Lactic acid bacteria (LAB) are a key element in the dairy industry. The gene products encoded by the plasmids of LAB carry out fermentation. To date, many successful plasmid isolation studies have been conducted with Escherichia coli, Staphilococcus, Streptococcus, Salmonella, Listeria and many strains of LAB. However, since LAB comprise a conglomerate of seven different genera, each with its own physiological and morphological characteristics, and produce a large amount of exopolysaccharide coat, it is extremely difficult to obtain plasmids by conventional methods. A field isolate of lactobacillus known as Lactobacillus salivarius M7 was utilized to obtain plasmids by all known techniques. A modified technique was optimized from the methodologies of Klaenhammer (1983) and Burger et al. (1994). The plasmids obtained with this technique were easily separated into a cleaner and clearer upper phase. There was no need to perform cesium chloride centrifugation, and RNA remnants were totally eliminated. Plasmids obtained with this technique can safely be used in further molecular biological techniques, including sequencing and cloning.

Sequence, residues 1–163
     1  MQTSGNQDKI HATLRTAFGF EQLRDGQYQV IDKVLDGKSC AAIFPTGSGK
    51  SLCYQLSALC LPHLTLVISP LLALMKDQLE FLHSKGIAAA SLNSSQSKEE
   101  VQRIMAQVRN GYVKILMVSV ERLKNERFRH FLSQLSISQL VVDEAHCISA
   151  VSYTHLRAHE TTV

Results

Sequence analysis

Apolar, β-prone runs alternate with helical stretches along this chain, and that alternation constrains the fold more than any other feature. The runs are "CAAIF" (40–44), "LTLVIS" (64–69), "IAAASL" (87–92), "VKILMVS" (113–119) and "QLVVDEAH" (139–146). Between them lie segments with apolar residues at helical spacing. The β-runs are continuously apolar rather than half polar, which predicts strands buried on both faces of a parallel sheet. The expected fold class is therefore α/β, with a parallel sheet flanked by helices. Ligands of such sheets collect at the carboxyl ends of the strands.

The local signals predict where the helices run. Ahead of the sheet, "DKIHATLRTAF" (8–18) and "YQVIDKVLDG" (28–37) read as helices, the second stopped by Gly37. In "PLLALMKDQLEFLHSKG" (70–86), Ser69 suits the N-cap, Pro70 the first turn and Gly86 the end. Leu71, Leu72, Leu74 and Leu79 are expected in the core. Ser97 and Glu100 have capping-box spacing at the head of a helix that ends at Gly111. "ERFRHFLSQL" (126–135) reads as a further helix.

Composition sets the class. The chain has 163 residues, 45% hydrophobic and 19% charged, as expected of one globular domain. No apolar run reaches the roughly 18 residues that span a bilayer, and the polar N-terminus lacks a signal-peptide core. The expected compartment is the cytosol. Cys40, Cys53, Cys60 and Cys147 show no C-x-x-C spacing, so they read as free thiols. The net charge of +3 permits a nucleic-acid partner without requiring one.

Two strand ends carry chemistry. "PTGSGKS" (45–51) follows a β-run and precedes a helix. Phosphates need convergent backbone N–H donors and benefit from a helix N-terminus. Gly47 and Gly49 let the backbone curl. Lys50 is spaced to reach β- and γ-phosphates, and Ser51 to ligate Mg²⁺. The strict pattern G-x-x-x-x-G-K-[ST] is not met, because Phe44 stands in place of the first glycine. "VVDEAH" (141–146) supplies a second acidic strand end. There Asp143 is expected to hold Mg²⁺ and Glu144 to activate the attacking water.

ÇATALOLUK, OSMAN (2003) "The Development of a Modified Method for Isolating Plasmids from Exopolysaccharide Producing Lactobacillus Species Using Conventional Plasmid Isolation Methods," Turkish Journal of Biology: Vol. 27: No. 3, Article 1. Available at: https://journals.tubitak.gov.tr/biology/vol27/iss3/1